Ad Age 15 Oct 2018 10:48 Walmart's streaming video service is called Vudu, and it's looking for more content. Credit: Andrew Harrer/BloombergWalmart is looking to create an online store that would sell other companies' video services, according to people familiar with the talks, opening up a new front in its fight with Amazon. The world's largest retailer has approached several media companies about reselling their streaming services, according to the people who asked not to be identified because the talks are private. The idea would be to let customers of Walmart's video service, Vudu, pay for additional services like HBO Now, Showtime or Starz. The discussions are still exploratory, and Walmart's plans may change. The retail giant is trying to convert its hundreds of millions of customers into users of online services, responding to changes in how those customers watch TV. DVD sales have declined for more than a decade, as customers trade discs for streaming services such as Netflix, Hulu and Amazon Prime. Walmart, based in Bentonville, Arkansas, declined to comment. Some of the most popular paid online video services are operated by TV companies like CBS and HBO, which rely on third parties to sign up customers. Amazon already runs a similar store called Channels, which has helped some of the aforementioned services add millions of customers, according to analysts and executives. Walmart wants to insert itself in the conversation alongside Amazon, Apple and Google—three of the largest sellers of online services. While Walmart acquired Vudu eight years ago, it is just now starting to take video streaming more seriously. Vudu's leadership team has begun reporting directly to Scott McCall, the executive in charge of Walmart's entertainment business at its Bentonville headquarters. Vudu has also struck a couple of deals to fund original programming. Walmart will pay Metro-Goldwyn-Mayer to produce projects for Vudu and will work with the startup Eko to develop interactive programs that will live on Walmart properties and elsewhere. Walmart also has reportedly mulled building a new streaming service that would be more like Netflix. It's not clear whether the company is still exploring that idea, but it's looking to create a more robust offering of digital entertainment, McCall said in an interview last week. "We are expanding our entertainment ecosystem," McCall said. --Bloomberg News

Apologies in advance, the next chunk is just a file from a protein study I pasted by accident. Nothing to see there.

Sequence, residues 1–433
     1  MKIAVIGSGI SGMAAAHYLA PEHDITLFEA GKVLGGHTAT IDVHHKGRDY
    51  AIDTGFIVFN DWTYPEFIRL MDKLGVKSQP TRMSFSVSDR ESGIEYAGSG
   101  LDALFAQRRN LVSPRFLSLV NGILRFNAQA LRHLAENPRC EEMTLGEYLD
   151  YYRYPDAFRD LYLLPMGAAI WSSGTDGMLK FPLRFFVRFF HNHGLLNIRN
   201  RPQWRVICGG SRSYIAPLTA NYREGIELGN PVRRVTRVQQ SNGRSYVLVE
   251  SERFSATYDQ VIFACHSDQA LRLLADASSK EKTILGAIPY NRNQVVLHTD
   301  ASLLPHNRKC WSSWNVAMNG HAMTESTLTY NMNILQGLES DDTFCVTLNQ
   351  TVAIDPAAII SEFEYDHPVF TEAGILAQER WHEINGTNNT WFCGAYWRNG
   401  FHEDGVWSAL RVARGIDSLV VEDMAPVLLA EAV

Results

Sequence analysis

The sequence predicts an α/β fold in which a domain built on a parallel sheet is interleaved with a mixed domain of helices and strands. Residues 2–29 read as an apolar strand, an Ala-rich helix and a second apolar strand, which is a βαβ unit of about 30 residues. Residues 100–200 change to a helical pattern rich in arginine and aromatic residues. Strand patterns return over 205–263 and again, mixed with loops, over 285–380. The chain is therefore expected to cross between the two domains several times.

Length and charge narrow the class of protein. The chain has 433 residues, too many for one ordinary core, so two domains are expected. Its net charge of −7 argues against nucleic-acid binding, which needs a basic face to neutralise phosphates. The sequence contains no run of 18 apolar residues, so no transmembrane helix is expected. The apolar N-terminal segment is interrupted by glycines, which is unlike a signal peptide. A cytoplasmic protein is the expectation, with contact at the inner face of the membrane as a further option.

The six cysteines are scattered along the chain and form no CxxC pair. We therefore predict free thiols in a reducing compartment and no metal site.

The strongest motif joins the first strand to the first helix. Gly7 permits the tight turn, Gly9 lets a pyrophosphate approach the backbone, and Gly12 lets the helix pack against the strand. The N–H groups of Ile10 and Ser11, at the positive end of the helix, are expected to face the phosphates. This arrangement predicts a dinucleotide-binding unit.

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Netflix earnings will test waters for tech giants after sell-off

Ad Age 15 Oct 2018 08:34 Credit: NetflixBeleaguered technology investors are looking to Netflix to stop the bleeding. The company's earnings are poised to be even more closely watched than usual on Tuesday after last week's market rout. Netflix is one of the first major U.S. companies to report third-quarter results -- and 2018's best-performing FAANG stock -- making it especially influential in the wake of a drubbing that hit the tech giants hard. "Trends at Netflix, whether above or below expectations, will set the tone," MKM Partners analyst Rob Sanderson said in a note. Netflix is also looking to redeem itself after missing subscriber estimates in the previous quarter, a whiff that sent the stock on its worst one-day tumble in two years. The shares haven't managed to climb back to a record set in July, but they remain up 77 percent for the year. That's a better showing than the rest of the FAANG cohort, which includes Facebook, Amazon, Apple and Google owner Alphabet. As always, the most important gauge of Netflix's performance is subscriber growth. Wall Street expects Netflix to have added about 5.1 million subscribers in the third quarter, based on the average of seven estimates compiled by Bloomberg News. That's 673,000 in the U.S. and 4.42 million internationally. For the fourth quarter, analysts are anticipating 1.64 million net subscriber additions in the U.S. and 5.54 million internationally, based on five estimates. -- Bloomberg News